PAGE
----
Homework 2

This is the archived website of SI 413 from the Fall 2012 semester. Feel free to browse around; you may also find more recent offerings at my teaching page.

Note: Many of these exercises are programming exercises, but you do not need to submit them electronically. Everything should be turned in in one packet, all printed out for me to see.

# 1 List Basics

1. Using only cons, null, car, and cdr, write an expression to produce the nested list

'(3 (4 5) 6).

2. Write a simple quoted expression that is equivalent to

(cons (cons 3 (cons 'q null)) (cons 'a null)).

3. Using only cons, null, car, and cdr, write a function (get2nd L) that takes a list L and returns the second element in the list.

# 2 Split Digits

Write a recursive function split-digits that takes a number n and returns a list with the digits of n, in reverse.

For example, (split-digits 413) should produce the list '(3 1 4).

# 3 Append

Write a function called my-append which has the same behavior as the append function built-in to Scheme. (Your function only needs to handle the case when there are exactly two arguments, and both are lists.)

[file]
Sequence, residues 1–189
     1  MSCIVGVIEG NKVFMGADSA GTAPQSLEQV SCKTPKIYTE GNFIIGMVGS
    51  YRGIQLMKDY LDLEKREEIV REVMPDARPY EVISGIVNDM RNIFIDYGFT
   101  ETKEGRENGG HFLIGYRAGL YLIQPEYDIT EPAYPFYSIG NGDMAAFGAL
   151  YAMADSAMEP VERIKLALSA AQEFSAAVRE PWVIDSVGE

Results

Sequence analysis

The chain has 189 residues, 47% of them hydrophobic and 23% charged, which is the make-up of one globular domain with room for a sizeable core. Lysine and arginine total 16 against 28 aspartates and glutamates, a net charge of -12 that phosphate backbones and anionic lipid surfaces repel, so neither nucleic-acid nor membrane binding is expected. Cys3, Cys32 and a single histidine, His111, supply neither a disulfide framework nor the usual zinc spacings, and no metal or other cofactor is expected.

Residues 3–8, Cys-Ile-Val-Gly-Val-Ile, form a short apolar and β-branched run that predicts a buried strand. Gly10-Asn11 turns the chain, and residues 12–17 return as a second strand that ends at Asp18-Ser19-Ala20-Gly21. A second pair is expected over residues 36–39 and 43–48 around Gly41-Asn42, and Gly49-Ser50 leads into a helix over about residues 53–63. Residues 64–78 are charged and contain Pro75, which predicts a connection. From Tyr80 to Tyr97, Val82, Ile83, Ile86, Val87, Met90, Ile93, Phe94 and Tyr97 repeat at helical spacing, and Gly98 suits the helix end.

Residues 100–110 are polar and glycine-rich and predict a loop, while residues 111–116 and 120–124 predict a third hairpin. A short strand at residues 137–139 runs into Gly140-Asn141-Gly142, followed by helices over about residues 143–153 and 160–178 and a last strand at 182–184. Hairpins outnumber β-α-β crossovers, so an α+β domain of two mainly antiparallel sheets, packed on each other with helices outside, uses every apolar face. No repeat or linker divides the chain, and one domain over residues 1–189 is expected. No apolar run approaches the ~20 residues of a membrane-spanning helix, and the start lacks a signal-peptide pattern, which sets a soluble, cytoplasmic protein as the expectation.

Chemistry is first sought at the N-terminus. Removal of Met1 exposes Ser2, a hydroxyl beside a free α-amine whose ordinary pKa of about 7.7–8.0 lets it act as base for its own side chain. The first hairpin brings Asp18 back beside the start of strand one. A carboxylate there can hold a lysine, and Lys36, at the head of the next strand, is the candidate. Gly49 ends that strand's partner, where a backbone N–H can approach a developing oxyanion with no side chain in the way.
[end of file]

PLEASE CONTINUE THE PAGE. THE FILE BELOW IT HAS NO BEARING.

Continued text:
For example, calling (my-append '(a b c) '(d e)) should produce '(a b c d e).

# 4 Count Down

Write a function called count-down which takes a positive integer n and produces a list with the integers from n down to 1, in that order.

For example (count-down 4) should produce the list '(4 3 2 1).

# 5 Symbol Mixup

Write a function (mixup x) that takes an argument x, which can be any symbol or any number, and produces the opposite type of thing, either the number 5 if x is a symbol, or the symbol 'num if x is a number.

For example, (mixup 20) should produce 'num, and (mixup 'hello) should produce 5.

# 6 Nested Quotes

When you type 5 into the interpreter, it returns 5.

When you type (quote 5), it still returns the number 5.

But when you type (quote (quote 5)) or ''5, it returns '5.

What do you think is going on here? Why do you need two quotes to make the symbol 5?

(Caution: this is pretty tricky. Think about how evaluation works. Play around, experiment, discuss.)

# 7 Building Blocks

In the C programming language, give an example of each of the following types of code fragments.

1. An atom (or literal)
2. A value that is not an atom
3. An expression that is not a value
4. A statement that does not end in a semicolon